What is TRIO Upward Bound?

TRIO Upward Bound

The Upward Bound Program (UB) is a federally funded program in a cluster of programs referred to as TRIO. The TRIO programs began after the enactment of the Higher Education Act of 1965. UB provides fundamental support to participants in their preparation for college entrance. The program provides opportunities for participants to succeed in their high school performance and ultimately in their higher education pursuits. UB serves high school students from low-income families and who are first generation college students (their parents did not graduate from college with a bachelors degree). The goal of UB is to increase the rate at which participants complete secondary education and enroll in and graduate from institutions of post-secondary education.

Grand Valley State University has received continual funding for the TRIO UB Program since 1978. Once accepted into the GVSU UB program, students participate until their high school graduation. All services are provided at no cost to students.

TRIO Upward Bound Program Highlights

The GVSU TRIO Upward Bound program is funded to serve 100 students at Union High School and Innovation Central High School. Both schools are part of the Grand Rapids Public School District in Grand Rapids, Michigan. The program provides:

  • A supportive learning environment with academic instruction, tutoring and advising
  • Individualized support and encouragement for all students
  • A challenging curriculum in a small, supportive setting designed to evaluate and strengthen student reading, study skills, and problem solving skills
  • An intensive five week Summer Residential Program with academic, cultural and social activities
  • College campus tours
  • Cultural field trips in and out-of-state
  • Assistance in the search for financial aid and scholarships 
  • Assistance with college application and admissions process


TRIO Upward Bound Student during the summer programming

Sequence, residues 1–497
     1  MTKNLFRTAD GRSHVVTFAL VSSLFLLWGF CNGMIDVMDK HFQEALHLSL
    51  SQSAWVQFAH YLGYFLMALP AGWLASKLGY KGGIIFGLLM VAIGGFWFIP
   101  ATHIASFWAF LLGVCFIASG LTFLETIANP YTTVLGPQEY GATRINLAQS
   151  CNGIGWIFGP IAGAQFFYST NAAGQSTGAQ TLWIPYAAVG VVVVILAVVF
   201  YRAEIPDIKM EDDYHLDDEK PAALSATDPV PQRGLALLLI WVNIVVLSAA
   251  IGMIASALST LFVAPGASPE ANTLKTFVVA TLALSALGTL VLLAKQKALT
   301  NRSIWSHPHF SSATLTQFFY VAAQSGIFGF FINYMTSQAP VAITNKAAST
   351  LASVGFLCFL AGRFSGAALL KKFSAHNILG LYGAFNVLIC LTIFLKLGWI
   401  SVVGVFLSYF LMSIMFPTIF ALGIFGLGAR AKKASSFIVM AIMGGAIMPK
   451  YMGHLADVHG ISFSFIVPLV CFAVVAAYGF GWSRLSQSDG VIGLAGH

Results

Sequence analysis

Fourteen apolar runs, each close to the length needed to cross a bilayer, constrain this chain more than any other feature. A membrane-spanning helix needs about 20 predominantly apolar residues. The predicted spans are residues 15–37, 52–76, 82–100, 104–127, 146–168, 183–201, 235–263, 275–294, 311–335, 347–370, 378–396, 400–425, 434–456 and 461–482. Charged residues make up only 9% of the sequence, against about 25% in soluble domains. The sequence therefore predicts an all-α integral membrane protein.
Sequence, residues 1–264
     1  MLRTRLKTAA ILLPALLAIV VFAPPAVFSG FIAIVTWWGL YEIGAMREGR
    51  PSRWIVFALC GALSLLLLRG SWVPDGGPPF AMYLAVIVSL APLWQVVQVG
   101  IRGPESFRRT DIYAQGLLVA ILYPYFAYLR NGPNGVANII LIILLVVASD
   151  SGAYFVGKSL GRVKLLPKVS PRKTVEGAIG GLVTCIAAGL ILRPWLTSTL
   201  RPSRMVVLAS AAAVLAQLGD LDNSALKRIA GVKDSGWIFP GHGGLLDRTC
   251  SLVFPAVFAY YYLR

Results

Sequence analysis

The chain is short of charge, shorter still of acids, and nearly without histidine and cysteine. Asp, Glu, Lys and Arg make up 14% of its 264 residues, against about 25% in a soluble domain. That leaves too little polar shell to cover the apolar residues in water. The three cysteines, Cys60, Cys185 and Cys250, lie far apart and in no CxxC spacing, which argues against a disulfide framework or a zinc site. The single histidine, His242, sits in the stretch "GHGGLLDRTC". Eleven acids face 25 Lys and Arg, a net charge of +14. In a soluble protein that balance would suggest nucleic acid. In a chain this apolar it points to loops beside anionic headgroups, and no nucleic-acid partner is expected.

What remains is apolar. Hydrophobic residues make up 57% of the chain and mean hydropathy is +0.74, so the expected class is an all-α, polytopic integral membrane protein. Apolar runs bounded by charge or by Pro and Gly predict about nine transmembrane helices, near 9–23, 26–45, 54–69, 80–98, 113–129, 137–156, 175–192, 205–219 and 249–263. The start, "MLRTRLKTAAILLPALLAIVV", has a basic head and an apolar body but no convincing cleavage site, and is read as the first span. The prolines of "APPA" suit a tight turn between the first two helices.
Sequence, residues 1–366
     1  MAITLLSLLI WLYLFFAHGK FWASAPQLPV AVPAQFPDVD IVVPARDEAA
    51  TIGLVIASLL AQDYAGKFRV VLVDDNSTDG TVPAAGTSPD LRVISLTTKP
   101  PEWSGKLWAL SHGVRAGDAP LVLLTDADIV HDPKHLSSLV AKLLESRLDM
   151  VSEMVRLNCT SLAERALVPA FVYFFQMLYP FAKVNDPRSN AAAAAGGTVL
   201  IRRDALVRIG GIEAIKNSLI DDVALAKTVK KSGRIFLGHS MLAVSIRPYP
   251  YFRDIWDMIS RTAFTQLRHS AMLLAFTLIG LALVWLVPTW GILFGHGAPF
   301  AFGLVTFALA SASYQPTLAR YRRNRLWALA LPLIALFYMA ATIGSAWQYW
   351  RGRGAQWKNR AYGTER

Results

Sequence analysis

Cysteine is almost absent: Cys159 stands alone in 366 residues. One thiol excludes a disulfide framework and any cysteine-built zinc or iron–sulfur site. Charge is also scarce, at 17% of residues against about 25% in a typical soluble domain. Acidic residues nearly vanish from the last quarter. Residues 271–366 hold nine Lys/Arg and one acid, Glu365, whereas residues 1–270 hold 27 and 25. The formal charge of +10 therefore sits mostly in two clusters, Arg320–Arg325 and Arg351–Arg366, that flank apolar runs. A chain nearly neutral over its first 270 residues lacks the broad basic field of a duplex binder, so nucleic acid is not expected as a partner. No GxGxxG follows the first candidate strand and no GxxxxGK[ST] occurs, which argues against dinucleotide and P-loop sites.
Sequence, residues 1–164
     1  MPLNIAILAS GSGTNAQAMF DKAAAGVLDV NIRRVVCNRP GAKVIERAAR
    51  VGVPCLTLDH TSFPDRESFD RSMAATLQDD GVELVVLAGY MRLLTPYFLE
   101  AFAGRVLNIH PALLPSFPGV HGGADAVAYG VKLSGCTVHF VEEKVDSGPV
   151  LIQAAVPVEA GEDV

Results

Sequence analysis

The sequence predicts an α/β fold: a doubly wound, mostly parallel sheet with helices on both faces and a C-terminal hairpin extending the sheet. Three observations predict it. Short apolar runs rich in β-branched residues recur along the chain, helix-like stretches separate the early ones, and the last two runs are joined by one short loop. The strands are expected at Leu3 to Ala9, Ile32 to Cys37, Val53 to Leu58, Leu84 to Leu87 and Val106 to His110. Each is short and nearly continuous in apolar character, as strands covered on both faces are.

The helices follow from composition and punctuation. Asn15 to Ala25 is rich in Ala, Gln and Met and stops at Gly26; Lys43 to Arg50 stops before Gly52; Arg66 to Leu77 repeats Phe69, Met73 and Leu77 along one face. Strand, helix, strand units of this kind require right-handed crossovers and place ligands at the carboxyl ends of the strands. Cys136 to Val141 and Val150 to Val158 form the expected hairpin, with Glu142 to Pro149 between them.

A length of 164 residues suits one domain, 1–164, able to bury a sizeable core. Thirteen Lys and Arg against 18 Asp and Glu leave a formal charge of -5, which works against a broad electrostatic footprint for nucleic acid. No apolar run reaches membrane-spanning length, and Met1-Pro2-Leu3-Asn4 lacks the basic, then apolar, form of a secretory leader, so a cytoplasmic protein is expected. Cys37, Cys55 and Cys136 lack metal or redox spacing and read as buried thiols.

What are the TRIO programs?

Our nation has asserted a commitment to providing educational opportunity for all Americans regardless of race, ethnic background or economic circumstance.

In support of this commitment, Congress established a series of programs to help low-income Americans enter college, graduate and move on to participate more fully in America's economic and social life. These Programs are funded under Title IV of the Higher Education Act of 1965 and are referred to as the TRIO Programs (initially just three programs). While student financial aid programs help students overcome financial barriers to higher education, TRIO programs help students overcome class, social and cultural barriers to higher education.

As mandated by Congress, two-thirds of the students served must be low-income, first generation college students. The remaining one-third must be either low-income, first-generation college students, or students who have a high risk for academic failure. More than 2,700 TRIO programs currently serve nearly 866,000 students. Many programs serve students in grades six through 12. Thirty-seven percent of TRIO students are Whites, 35% are African-Americans, 19% are Hispanics, 4% are Native Americans, 4% are Asian-Americans, and 1% are listed as "Other," including multiracial students. Twenty-two thousand students with disabilities and more than 25,000 U.S. veterans are currently enrolled in the TRIO programs as well. For more race and ethnicity data for each TRIO program (Upward Bound, UB Math/Science, SSS, Talent Search, EOC, and McNair), see Racial and Ethnic Diversity in the Federal TRIO Programs, a News You Can Use fact sheet from the National TRIO Clearinghouse.

How it Works

Over 1,000 colleges, universities, community colleges and agencies now offer TRIO programs in America. TRIO funds are distributed to institutions through competitive grants.

TRIO Upward Bound Students

Evidence of Achievement

Students in the Upward Bound program are four times more likely to earn an undergraduate degree than those students from similar backgrounds who did not participate in TRIO; nearly 20 percent of all Black and Hispanic freshmen who entered college in 1981 received assistance through the TRIO Talent Search or EOC programs; students in the TRIO Student Support Services program are more than twice as likely to remain in college than those students from similar backgrounds who did not participate in the program.

Page last modified November 20, 2017